21st Dynasty, ca. 1000 BC
Theban region
Dutch private collections
Photo: VB

Pasebakhaniout
Prince
Overseer
Son of pharaoh Menkheppera
Faience, 11 cm
21st Dynasty, ca. 1000 BC
Dutch private collection HV
Photo: VB

Tentipet
Faience, 7.8 cm
Bab el Gasus, , Cache II Thebes
21st Dynasty, ca. 1000 BC
Theban region
Dutch private collection
Photo: VB

Psusennes I
Pharaoh, Tanis, North-Egypt
Overseer and worker
Bronze, both 7.2 cm
21st Dynasty, ca. 991 BC
Tanis region
Emmacha collection, 25-26
Photo: La Collection Emmacha
Antiquités Egyptiennes. Tome 1 : Les shabtys et ouchebtys. Pg 75

Pinedjem II
High Priest of Amun
Left: Overseer
Middle: Worker
Faience, royal blue, 17 cm
Royal Cache DB320
21st Dynasty, 970 BC
Dutch private collection
Isetemkheb (right)
First wife of Pinedjem II
Faience, royal blue, 14.7 cm
Overseer: Ashmolean Museum Oxford, Queen’s 1884.34
Dutch private collection
Photo: VB

 

Imenemipet
Master of secrets
Faience, 10.9 cm
21st Dynasty, ca. 970 BC
Theban region
Dutch private collection
Photo: VB

Nesimenemhetep
Wab priest of Amun
Pottery, 9.1 cm
Bab el Gasus, Cache II
21st Dynasty, ca. 960 BC
Theban region
Sociedade de Geografia de Lisboa, Lisbon SGL: 2507-31B
Photo: Estatuetas funerárias Egípcias da XXI dinastia, Araujo, L.M. pg. 635

Djedptahiufankh
Third Prophet of Amun
Overseer
Faience, 11.2 cm
Royal Cache, DB320
22nd Dynasty, 935 BC
Theban region Dutch private collection
Photo: VB

Hornakht
Prince
Faience, 15 cm
22nd Dynasty, ca. 860 BC
Tanis region
Arte Primitivo auction, Sep 2010, lot 392
Photo: Arte Primitivo

Tjayenheboea
Overseer and worker
Pottery, painted light blue,
both 7.3 cm
22nd Dynasty, ca. 800 BC
Theban region
Dutch private collection
Photo: VB

25th Dynasty

747 – 656 BC, Third Intermediate Period, Kushite period

Kushite rulers unify Nubia and Egypt with Taharqa as most famous ruler. The capital is Napata.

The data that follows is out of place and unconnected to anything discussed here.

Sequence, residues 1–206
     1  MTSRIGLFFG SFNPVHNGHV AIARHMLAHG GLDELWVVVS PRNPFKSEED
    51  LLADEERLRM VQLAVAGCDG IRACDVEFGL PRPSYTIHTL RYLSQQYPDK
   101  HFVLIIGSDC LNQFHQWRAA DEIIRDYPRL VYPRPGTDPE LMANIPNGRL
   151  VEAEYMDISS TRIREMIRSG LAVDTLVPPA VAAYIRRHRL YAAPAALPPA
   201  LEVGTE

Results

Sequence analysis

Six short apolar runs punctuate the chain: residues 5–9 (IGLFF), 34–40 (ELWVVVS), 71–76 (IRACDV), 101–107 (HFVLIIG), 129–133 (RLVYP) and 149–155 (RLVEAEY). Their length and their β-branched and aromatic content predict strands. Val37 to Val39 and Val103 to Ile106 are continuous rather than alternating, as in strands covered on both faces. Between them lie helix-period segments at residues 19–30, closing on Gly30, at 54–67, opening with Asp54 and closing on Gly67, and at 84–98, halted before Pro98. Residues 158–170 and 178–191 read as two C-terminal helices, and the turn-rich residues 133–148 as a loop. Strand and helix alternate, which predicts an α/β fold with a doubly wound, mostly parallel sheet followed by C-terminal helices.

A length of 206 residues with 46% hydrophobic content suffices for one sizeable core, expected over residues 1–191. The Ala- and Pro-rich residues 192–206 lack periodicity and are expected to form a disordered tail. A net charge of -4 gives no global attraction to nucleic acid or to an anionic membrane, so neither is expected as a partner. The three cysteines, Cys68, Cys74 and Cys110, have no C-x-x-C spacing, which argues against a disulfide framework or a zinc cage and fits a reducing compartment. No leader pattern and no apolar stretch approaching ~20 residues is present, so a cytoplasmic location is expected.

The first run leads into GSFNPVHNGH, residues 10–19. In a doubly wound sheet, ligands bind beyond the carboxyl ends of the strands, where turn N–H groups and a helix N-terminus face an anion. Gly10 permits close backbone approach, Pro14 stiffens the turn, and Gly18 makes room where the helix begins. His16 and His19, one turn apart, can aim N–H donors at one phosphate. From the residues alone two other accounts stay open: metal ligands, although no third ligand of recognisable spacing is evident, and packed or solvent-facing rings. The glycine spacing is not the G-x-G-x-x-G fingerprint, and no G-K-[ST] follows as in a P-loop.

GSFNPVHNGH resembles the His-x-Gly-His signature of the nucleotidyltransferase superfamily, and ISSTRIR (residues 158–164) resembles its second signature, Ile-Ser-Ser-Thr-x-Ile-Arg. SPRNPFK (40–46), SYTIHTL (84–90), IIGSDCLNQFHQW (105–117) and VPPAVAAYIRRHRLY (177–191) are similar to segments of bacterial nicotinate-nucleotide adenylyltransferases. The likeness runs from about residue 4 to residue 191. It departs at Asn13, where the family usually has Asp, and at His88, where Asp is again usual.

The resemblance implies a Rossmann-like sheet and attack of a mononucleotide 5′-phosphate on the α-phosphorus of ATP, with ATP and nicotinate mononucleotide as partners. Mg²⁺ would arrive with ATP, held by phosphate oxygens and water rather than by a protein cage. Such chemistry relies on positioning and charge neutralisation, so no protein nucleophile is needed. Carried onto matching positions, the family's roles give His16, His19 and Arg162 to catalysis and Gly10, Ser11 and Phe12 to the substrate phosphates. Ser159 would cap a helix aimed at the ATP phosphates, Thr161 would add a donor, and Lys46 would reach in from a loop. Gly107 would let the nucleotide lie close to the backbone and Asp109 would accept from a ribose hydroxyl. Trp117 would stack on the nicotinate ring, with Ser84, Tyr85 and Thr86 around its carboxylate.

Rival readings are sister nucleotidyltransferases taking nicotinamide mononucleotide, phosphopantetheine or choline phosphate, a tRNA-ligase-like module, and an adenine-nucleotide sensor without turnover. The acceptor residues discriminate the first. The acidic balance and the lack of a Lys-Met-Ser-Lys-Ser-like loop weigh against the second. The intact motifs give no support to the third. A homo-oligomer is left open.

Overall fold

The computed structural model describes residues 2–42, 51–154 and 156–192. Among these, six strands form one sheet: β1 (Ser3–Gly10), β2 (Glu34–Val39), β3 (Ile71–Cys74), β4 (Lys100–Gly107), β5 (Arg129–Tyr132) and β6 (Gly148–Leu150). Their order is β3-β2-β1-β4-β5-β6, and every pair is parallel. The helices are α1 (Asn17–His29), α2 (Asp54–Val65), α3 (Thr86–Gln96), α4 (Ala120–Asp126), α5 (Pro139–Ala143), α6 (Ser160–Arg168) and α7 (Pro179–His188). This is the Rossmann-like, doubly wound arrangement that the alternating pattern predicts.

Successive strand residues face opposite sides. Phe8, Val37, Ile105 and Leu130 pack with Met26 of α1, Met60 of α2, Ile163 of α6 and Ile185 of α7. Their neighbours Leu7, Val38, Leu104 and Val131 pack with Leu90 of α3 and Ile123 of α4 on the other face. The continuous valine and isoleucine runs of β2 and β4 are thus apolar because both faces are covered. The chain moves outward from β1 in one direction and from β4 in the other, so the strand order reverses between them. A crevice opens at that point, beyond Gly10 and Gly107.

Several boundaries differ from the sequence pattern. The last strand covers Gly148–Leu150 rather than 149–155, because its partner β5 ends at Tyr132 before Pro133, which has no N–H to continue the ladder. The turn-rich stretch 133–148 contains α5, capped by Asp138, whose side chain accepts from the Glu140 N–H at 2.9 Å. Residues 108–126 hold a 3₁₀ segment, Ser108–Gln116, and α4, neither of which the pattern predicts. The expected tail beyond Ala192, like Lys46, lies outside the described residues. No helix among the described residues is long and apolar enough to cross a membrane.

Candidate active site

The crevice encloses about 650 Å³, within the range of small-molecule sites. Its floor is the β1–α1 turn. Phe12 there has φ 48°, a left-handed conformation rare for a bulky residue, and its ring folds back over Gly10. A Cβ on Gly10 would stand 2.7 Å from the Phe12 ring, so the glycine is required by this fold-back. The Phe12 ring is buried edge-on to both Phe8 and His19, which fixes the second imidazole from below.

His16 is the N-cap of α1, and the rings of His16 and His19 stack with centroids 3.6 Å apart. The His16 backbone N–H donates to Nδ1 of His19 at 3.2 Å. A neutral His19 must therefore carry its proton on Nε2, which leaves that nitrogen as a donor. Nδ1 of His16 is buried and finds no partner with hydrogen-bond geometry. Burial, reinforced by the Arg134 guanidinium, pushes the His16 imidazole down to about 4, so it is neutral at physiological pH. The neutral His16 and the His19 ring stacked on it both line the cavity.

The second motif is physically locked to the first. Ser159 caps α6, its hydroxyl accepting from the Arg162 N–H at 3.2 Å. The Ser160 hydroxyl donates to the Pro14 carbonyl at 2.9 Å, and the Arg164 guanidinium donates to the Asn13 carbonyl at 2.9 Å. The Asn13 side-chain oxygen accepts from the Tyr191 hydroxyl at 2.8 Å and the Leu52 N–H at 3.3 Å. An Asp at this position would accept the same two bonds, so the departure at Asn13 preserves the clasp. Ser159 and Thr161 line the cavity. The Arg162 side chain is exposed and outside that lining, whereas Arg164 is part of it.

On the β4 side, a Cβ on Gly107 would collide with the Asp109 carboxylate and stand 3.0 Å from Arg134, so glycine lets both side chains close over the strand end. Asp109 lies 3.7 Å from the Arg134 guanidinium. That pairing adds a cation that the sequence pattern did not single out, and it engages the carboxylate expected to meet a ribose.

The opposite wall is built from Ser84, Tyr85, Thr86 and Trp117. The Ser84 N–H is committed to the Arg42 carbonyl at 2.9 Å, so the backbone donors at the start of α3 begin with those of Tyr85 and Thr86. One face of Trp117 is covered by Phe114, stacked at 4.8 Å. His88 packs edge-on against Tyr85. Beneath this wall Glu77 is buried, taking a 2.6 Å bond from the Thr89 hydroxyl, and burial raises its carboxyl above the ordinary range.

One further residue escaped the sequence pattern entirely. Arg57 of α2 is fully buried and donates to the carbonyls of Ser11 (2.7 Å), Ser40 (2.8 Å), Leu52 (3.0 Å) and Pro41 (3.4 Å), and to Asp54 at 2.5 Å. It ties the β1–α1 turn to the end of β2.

Ushabtis
Under the Kushite rulers beautiful ushabtis are made of stone. Pharaoh Taharqa took more than a thousand stone shabtis with him in the tomb. The ushabtis have an archaic form which closely resembles statues from the Middle Kingdom, with fuller faces, tight mouths and large ears. Influences from the New Kingdom are also visible on many shabtis.

According to a number of researchers, faience ushabtis from this period are light green or green and the popularity of this colour increases from the 22nd dynasty. Another theory is that they were originally light blue but have suffered from discoloration due to external influences. From light blue to green, from green to brown and sometimes even to black. This may well be a plausible theory. To wit, when you take a close look at green ushabtis, you will often find small blue areas without any discoloration. Also, there are a number of ushabtis where discoloration from blue to green is clearly visible, probably because some parts have been less exposed to outside influences.

Amenirdis I
God’s Wife of Amun
Thebes
25th Dynasty, ca. 670 BC
Oriental Institute, Chicago
OIM 14198
Photo: VB

Taharqa
Pharaoh
Stone
North Sudan
25th Dynasty, 664 BC
British Museum, London
Photo: VB

 

Padiimenipet
(Petamenope)
Great sorcerer of the King
Serpentine, 15 cm
Thebes
25th Dynasty, ca. 660 BC
Auction, Pierre Bergé & associés, December 1, 2007, Lot 441
Photo: Pierre Bergé & associés

Montuemhat
Steatite, 22.2 cm
Thebes
25th Dynasty, ca. 660 BC
Brooklyn Museum,
New York 60.182
Photo: VB

26th Dynasty

664 – 525 BC, Late Period

Saite Period: Psamtek I reunites Egypt and strengthens the ties with the Greeks. Under his rule a period of prosperity dawns for Egypt. Capital is Sais in Lower Egypt.

Ushabtis
In this period, which is also called “Saite renaissance” or “Saite time”, a time of great prosperity leads to the creation of beautiful ushabtis. After the first pharaohs nothing is made of stone any more, and faience is the material of choice. A lot of attention is paid to design and the ushabtis belong to the most beautiful faience ones ever in terms of quality, workmanship and details. Until the 30th dynasty is well on its way, this style changes very little and the Egyptians are able to maintain this level.

Although the typical form of the overseer in the dress of daily life no longer occurs, it is likely that it does not disappear altogether. In many tombs large numbers of blank or partially inscribed ushabtis are found together with larger specimens containing the full text of the usual shabti formula. It is plausible that this last group are assigned the role of overseer.

The ushabtis are equipped with a back pillar, which in some cases carries an inscription (see Horemheb and Hekaemsaf). The hieroglyphs are sometimes pressed into the shabti using a mould, but they are often applied manually, in which case both the outline and the inside of the hieroglyph can be embellished.